Married Couple in Debt? Know Your Bankruptcy Options

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Filing bankruptcy to have a fresh financial start is something you could consider if you are overwhelmed with the debts you are unable to pay. In case you are married, the biggest dilemma is deciding whether to file bankruptcy individually or jointly.

Every bankruptcy situation is unique and distinct in its way. As a married couple determining whether you should file jointly or separately depends upon various factors such as your debts, state law, assets or property you own and more. This decision is crucial as it can affect how much of your debts are discharged and how much of your property you get to keep. The Colorado, bankruptcy lawyers can help you make a wise and beneficial decision. 

If both of you are facing trouble with your debts, either as a couple or individually, you can consider filing bankruptcy jointly as it allows you to put all your information on one set of forms, pay one filing fee and also pay lawyer’s fees only once. The entire property on your name as well as on your spouse’s name will become part of the bankruptcy estate and all debts of both of you will be included in the filing. 

There are several situations in which a spouse wants to file bankruptcy individually and you might have your own reasons. For instance, if you want to purchase a house in the near future, you can prevent your spouse’s credit from getting damaged, if you file separately and but the house on your spouse’s name. 

However, it is important to know how filing bankruptcy individually can affect your spouse. Here are some of the factors to be considered:

Income

Even if you file individually the court will look at the income of your spouse too along with yours. Income is a significant factor in bankruptcy and it determines under which bankruptcy Code, you qualify for. The income of your spouse (non-filing) will be disclosed when you will file the petition. However, your spouse’s job or wages will not be affected by your filing for bankruptcy. You can only qualify for Chapter 7 bankruptcy as a couple or individual if your total household income fewer expenses allowed by the court are not considered as abuse.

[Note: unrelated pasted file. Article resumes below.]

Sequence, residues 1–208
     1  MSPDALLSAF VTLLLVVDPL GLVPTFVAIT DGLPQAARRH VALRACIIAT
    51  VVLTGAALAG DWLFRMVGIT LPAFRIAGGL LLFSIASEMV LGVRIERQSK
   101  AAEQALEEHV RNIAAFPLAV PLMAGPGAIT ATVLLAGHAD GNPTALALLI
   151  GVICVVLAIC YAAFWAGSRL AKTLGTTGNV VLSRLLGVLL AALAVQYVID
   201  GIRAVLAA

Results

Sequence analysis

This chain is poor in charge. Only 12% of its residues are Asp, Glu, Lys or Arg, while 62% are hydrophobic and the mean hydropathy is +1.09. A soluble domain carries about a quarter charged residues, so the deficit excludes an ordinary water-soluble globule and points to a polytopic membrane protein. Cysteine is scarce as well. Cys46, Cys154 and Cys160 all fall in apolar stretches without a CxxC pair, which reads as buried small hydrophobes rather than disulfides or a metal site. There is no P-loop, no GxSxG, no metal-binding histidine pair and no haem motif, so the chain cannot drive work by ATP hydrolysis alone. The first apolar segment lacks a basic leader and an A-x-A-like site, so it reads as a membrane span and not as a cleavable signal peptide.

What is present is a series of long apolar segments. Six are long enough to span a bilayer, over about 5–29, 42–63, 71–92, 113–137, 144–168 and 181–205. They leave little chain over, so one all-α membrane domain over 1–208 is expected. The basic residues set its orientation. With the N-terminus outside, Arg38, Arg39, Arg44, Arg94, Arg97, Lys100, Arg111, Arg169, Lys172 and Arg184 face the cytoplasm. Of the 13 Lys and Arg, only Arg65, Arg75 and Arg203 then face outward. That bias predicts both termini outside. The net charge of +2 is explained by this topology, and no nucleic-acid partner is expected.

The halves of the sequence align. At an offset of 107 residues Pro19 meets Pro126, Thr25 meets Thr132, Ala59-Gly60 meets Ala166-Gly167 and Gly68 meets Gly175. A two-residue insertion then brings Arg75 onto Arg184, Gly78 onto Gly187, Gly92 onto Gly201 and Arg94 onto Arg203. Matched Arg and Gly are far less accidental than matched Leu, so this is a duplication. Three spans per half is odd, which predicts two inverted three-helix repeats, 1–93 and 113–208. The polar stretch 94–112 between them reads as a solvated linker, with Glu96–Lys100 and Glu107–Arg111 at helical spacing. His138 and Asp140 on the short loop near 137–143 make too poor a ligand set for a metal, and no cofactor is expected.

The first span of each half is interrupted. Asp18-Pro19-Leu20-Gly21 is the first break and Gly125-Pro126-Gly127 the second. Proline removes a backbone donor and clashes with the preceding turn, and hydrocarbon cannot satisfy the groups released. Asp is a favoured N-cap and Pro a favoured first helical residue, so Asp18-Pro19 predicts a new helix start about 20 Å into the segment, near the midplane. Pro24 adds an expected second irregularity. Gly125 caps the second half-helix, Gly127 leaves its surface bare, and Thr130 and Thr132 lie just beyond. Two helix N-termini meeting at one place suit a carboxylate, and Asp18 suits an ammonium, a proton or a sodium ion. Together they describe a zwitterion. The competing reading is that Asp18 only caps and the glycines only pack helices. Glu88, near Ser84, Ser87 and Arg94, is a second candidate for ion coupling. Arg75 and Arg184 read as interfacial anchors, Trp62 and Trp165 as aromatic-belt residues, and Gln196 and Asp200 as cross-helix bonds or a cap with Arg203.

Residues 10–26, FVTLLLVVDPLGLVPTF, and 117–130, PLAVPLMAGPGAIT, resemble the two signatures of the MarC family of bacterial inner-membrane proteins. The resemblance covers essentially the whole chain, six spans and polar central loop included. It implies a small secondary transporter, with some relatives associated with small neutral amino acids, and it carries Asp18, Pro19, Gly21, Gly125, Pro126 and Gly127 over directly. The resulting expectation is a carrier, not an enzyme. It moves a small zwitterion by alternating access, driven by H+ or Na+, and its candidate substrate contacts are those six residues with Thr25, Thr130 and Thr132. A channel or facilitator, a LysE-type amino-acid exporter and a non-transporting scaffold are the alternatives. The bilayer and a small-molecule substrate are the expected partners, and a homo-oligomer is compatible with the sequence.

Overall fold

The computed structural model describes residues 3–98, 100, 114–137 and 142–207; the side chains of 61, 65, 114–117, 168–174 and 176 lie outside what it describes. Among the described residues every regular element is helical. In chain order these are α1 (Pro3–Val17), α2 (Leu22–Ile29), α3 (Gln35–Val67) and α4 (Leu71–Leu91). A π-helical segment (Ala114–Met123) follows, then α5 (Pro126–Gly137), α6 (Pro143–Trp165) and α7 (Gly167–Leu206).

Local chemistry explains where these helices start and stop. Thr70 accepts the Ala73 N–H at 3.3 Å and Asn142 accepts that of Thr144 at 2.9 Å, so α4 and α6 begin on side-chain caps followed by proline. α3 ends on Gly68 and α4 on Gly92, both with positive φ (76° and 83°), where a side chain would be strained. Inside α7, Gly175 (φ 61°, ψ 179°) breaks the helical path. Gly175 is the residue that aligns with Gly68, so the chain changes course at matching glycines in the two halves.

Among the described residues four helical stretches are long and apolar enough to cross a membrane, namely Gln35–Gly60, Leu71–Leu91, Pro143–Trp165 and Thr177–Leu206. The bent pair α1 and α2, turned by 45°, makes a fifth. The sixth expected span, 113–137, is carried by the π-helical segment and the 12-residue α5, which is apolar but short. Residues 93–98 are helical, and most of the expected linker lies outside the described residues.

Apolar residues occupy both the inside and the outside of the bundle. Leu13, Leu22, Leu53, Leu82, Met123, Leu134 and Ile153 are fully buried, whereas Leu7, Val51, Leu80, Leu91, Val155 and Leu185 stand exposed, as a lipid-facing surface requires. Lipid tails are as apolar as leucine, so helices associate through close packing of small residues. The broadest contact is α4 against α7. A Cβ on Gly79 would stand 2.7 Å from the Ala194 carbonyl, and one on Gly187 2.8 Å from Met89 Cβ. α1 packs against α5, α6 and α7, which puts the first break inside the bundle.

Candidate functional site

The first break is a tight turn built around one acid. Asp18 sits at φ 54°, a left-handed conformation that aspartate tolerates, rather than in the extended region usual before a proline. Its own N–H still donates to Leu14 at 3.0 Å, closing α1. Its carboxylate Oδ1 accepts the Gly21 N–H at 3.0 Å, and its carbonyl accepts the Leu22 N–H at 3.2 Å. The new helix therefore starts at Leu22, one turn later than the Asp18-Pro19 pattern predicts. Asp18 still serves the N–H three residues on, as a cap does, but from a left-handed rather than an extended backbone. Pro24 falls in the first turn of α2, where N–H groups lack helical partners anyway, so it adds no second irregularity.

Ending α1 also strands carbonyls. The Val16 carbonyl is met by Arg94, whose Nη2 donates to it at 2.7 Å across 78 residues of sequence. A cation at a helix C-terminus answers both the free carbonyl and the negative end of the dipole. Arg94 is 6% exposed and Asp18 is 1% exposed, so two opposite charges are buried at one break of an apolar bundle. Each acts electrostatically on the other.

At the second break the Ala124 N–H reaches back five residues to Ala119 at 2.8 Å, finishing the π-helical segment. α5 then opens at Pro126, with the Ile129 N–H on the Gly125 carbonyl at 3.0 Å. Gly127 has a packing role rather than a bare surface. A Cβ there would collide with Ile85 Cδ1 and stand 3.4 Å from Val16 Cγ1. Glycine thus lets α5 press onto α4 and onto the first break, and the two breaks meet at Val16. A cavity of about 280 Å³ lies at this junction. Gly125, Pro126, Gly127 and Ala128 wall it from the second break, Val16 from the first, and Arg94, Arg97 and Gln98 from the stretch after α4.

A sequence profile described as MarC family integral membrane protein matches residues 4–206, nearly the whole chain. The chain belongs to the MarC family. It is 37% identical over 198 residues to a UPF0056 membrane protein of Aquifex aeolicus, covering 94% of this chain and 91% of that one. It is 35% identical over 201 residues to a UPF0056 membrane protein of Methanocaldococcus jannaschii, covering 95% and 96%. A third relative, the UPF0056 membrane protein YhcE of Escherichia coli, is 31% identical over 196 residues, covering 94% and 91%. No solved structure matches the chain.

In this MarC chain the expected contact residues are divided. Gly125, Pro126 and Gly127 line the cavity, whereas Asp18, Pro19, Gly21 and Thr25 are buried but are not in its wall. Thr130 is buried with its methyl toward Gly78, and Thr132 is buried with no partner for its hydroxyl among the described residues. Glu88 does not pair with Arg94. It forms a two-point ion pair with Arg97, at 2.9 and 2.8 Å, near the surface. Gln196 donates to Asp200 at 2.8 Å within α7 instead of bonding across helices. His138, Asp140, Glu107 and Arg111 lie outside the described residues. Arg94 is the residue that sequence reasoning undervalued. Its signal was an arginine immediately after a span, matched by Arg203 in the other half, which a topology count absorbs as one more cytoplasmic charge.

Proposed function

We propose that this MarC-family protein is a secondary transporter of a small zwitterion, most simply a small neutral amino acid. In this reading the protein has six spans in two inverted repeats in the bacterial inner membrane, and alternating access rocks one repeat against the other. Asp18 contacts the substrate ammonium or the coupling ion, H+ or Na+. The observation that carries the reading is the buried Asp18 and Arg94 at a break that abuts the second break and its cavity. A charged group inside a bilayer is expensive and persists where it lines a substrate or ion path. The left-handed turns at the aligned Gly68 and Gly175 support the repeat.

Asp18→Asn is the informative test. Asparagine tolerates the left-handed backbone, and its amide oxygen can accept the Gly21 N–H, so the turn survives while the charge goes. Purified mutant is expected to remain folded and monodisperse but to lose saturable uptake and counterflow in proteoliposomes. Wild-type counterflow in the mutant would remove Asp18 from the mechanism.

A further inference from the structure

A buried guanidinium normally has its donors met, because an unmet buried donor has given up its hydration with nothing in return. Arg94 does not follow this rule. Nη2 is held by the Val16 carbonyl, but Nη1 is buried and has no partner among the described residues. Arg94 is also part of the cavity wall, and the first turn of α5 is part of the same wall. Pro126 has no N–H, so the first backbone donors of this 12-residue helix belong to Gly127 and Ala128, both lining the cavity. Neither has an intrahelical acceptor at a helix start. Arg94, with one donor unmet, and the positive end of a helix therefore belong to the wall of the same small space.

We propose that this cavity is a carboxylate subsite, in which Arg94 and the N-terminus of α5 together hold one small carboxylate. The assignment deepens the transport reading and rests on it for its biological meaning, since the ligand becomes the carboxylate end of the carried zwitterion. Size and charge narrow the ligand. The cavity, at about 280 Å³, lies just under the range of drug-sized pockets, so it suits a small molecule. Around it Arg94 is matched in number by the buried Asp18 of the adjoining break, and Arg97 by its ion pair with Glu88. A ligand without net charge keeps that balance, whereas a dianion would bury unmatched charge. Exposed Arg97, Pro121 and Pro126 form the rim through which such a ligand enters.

Chapter 7 or 13 for Joint Debt, with the non-filing spouse

The main reason creditors held both the spouses responsible is if one file for bankruptcy, they can get the collection done the other spouse. If you file for Chapter 7 bankruptcy in the co-debtor situation, then only debts will be discharged. Your spouse will remain fully liable for the joint debt and creditors will pursue him/her for payments. However, in chapter 13 bankruptcy, an automatic stay comes into effect preventing the collection from the non-filing spouse. This is known as the Section 1301 co-debtor stay.

Credit Report

The bankruptcy filing will appear on your credit report and not on your spouse’s (non-filler). If it appears on your spouse’s report, the credit reporting agencies can be contacted and immediately made to rectify the error. The credit of your spouse won’t be affected by you filing for bankruptcy and he or she will continue to have access to credit on behalf of the household. Moreover, your spouse can help you to re-establish your credit by co-signing for new debts. 

Examine your assets

It is important to consider what kind of debt you want to get rid of and also who owns which assets while deciding who should file bankruptcy. Once you or your spouse files for a Chapter 7 bankruptcy, then all the assets owned by you or your spouse will become part of the bankruptcy estate and will be liquidated by the trustees in order to pay the creditors. 

Different situations, debts and the property you own decision whether you should file jointly or individually and who should file bankruptcy you or your spouse. 

For example, if you own the less than a year car and your spouse owns a house on his/her name only and most of the debt that is holding back both of you is the debt accumulated by you, then it will be more sensible for you to file bankruptcy. In such a case, if you file bankruptcy, the house will be prevented from becoming part of the bankruptcy estate.

Deciding if both you and your spouse file for bankruptcy, whether to file for Chapter 7 or Chapter 13 bankruptcy is an informed decision. Moreover, each couple has a different situation and ensuring the protection of your property as much as possible is a complex task. So consulting the experienced Colorado bankruptcy lawyers can help you make the best decisions.